local units gathered, many of them for regular meet-
ings, some for reorganization meetings, and some to
organize for the firet time. Three of these were out-
of-State groups. During the Christmas holidays
twenty-seven groups gathered within the State. New
York alumni recently held a highly successful re-
organization meeting. In Florida, Louisiana, and
Charleston, Rock Hill, Richmond, Philadel])hia. Bal-
timore, Louisville, and Oklahoma City — all out-of-
State points — committees are now actively arranging
for meetings to be held soon. Washington, D. C.
alumni held a banquet on the 26th of February.
Altogether, then, a little more than sixty of the
110 units have been cared for to date.
Appoint Local Secretaries for Large Unorganized
For the purpose of collecting dues, correcting ad-
dress lists, and gathering information for the alumni
catalogue, it is highly important that the Central
Office have some responsible alumnus in each center
of University men to whom it can turn for co6])er-
ation. Where there are local associations, this man
is the secretary. As the work of forming all these
units into associations is far from complete, the
Board of Directors of the General Association at its
recent meeting, authorized and directed the General
Secretary to designate, wherever there is a large
number of unorganized University men, some man
to serve as the local secretary for that group.
Alumni Secretaries' Conference
As has already been stated, the nuicliinory of tin-
General Association is built upon the local associa-
tions which theoretically should include all Univer-
sity men. As Carolina men are scattered through-
out the 'world, this is, of course, impossible of complete
realization. When all the local associations have
been formed in the possil)le 110 centers al>()Ut 85 per
cent of the total group will be reached.
This basis of handling the work takes no account
of the most unified, the most workable, and the most
organic division of the alumni group — the class.
Recognizing this the General Secretary and the class
.secretaries who live in Chapel Hill, arranged for and
held a Permanent Class Secretaries' Conference on
October 12th, to consider the work that each should
do in his own class, and also the contribution these
key men can make to the work of the Central Office.
Many of the classes have no permanent secretaries
duly elected. For some of these classes men have
consented to act under an appointment by the Board
of Directors until the next meeting of their class. A
few of the classes are yet improvided for.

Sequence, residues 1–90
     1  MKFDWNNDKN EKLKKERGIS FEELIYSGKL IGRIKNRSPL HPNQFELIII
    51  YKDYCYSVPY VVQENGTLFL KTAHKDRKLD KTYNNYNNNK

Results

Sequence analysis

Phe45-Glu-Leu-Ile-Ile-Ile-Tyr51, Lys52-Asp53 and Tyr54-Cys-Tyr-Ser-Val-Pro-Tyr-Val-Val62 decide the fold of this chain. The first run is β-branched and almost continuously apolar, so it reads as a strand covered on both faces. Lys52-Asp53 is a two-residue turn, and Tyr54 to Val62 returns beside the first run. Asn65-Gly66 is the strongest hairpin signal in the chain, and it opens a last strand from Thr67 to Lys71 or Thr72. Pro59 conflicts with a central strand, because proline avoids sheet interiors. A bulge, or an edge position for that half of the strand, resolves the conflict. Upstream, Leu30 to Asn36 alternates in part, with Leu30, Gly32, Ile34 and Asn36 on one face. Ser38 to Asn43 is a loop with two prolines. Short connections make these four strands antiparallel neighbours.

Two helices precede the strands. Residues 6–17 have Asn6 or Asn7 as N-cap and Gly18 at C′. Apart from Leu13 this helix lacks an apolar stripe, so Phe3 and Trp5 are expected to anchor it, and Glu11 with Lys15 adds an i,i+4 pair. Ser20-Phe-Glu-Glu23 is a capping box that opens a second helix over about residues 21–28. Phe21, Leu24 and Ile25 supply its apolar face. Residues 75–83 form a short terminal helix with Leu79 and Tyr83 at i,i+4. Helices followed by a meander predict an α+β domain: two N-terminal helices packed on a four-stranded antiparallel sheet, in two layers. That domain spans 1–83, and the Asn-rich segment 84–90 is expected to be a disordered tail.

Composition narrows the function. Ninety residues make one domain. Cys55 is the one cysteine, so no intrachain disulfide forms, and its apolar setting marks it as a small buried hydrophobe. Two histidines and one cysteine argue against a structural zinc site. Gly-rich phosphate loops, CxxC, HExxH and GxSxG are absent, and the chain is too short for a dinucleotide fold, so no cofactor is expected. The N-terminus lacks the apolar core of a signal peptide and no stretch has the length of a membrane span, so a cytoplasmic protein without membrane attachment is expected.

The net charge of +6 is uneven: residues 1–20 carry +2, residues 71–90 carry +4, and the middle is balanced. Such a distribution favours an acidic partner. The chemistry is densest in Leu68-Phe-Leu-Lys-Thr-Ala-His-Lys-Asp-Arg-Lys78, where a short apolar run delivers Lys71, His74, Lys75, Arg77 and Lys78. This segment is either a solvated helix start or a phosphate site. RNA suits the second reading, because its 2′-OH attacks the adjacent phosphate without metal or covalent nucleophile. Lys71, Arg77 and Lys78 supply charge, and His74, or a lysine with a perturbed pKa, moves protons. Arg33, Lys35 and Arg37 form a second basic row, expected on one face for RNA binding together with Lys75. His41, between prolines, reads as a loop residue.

The Class Secretaries' Bureau
A complete report of the accomplishments of this
conference was carried in the November Review. It
was instantly recognized that the men in these posi-
tions are the most vital ones in the entire alumni
group, and to enable them to make more real the
service they can render, there was formed the Alumni
Class Secretaries' Biireau "to see that jiroper and
uniform facts concerning every University alumnus
and class are kept, that the reunions are organized
in a way to secure the greatest attendance from the
members, and an enjoyable and effective i)rogram. to
stimulate the work of the secretaries by proper co-
operation, to secure a greater imity of action and
feeling in the various classes through regular in-
formative communications by letters and through
The Alumni Review, and the regular jniblication
of class histories, thereby fostering the work of the
general and local associations."
It is ca.sily recognized that the carrying out of
these purposes constitutes a great portion of the work
of the General Association.
The Board of Directors at its last meeting recog-
nized that the local unit, upon which the machinery
of the Central Office is built, is no more important
than the class unit ; that there are, since the form-
ation of the Permanent Class Secretaries' Bureau,
two distinct organizations in the field to accomplish
the work to be carried on ; and that it would be wise
to build the machinery of the Central Office on both
of these units jointly, rather than the two separately,
letting each share equally in the control of all asso-
ciation affairs. This necessitates considerable re-
organization of the present machinery as provided by
the Constitution and By-Laws. It was therefore or-
dered that the secretary make a report of this situa-
tion and intention to the alumni and set about the
task of wf)rking out the change.
Two Years' Term for Officers
This reorganization cannot be accomjilished readily
because of the other work that must come first.
Shortly after the election of officers last June, the
question of the wisdom of the term being lengthened
from one year to two years, especially at this im-
portant time of getting the work under way, was
raised by a large number of prominent alumni. So